Overlaying this foundation of divergent history, climate and culture are the differing geographies of the Old World and New World

The prevailing topography of Western Europe is a compact theme of valleys, foothills, and mountains. Villages and small towns dot the undulating landscape, relatively isolated from one another and from other parts of the country (even more-so prior to modern infrastructure). Historically, the combination of this geography with the importance of wine in the culture resulted in a kind of a hyper-regionality. Individual areas were dependent on their own grape-growing efforts to meet local demand. These efforts were informed by the fact that grape varieties vary in their suitability, or “preference” for certain growing conditions. Thus, over the trials and errors of time, matches were made of grape to place. Eventually, these matches were codified such that the name of a place is synonymous with the grape(s) that grow there. This codification stands now as a legally enforceable set of label laws governed by the respective governments of Old World countries and overseen by the EU.

New World countries by comparison are relatively sprawling. There is distinct segmentation of agricultural, industrial, recreational, and residential areas with well-developed infrastructure providing connectivity. In most, there is an abundance of easily accessible, arable land. This resulted in the centralization of grape-growing and wine production in regions with optimum conditions that support a wide range of varieties. Therefore, decisions on what to plant/produce are driven by market preferences, winemakers, and grape-growers, usually in that order, unfettered by regulation or tradition.

What Does it all Mean?

This article began with the promise of increased purchasing confidence and drinking enjoyment, time to deliver on that. This academic journey has been fun, but how do you put it to use in the real world?
Well, the most visible (and often problematic) manifestation of the Old World/New World divide is two fundamentally different labeling systems.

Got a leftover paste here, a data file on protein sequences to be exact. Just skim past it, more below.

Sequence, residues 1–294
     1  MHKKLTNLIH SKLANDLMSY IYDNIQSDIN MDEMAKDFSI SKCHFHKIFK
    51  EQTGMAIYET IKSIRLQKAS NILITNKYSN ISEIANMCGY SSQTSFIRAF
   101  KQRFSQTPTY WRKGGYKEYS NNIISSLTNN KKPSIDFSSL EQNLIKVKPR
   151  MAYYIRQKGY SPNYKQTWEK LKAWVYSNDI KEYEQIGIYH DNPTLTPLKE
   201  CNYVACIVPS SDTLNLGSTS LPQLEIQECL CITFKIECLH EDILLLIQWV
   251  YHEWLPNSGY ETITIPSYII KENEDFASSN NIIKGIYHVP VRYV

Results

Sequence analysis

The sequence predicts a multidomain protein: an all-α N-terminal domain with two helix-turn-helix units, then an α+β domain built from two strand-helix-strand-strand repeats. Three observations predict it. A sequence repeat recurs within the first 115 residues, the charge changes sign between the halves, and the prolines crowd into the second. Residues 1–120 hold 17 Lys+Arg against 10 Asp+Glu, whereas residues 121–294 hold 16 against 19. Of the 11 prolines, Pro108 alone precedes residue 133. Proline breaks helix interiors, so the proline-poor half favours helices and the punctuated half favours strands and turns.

For the reasons outlined above (in Geography) the majority of Old World wines are labeled Regionally whereas New World wine are labeled Varietally. In other words, an Old World label specifies only where the wine is made and a New World label shows both the place name and the name of the grape variety.

Here’s an example:

  • This wine is from the Chablis region of France
  • The only legally allowable grape in Chablis is Chardonnay
  • Including the grape variety on the label is redundant
  • This wine is from the Russian River Valley in California
  • There are no restrictions on what grapes can be grown there
  • Including the grape variety on the label is necessary

Once more for emphasis:

  • This wine is from the Rioja region of Spain
  • The primary legally allowable grape in Rioja is Tempranillo
  • Including the grape variety on the label is redundant
  • This wine is also from the Russian River Valley
  • Tempranillo is one of several varieties grown there
    (in addition to Chardonnay ^^)
  • Including the grape variety on the label is necessary

You can see how knowing the grape varieties associated with Old World regions expands the range of wines from which you can confidently choose. Say you’re a chardonnay fan but were unaware that Chablis was made from that grape. Your chardonnay menu has now grown exponentially. Armed with this simple chart, you can now march into your favorite retailer or restaurant and browse with authority the sections of shelves or wine list that were previously off limits due to their mystery.

Common grape varieties and the Old World regions that specialize in them

A Closing Caveat

As mentioned in the opening, the Old World/New World divide is a very common and useful cleavage of the immense world of wine. The goal of this article is to present the key differences and discuss how they came to be. It is equally important to recognize what the divide is not.

It is neither definitive nor all-encompassing. The evidence provided is done so in general terms. Modernization, globalization, and climate change have blurred what were at one time much clearer lines. The essential elements of history, climate, culture, and geography still hold true more that they don’t but the labeling laws are loosening as are style distinctions. As with anything wine related, whether you’re a novice, enthusiast, or connoisseur, best practice is to let curiosity be your guide and see (and taste) for yourself.

Trevor Hertrich
Trevor Hertrich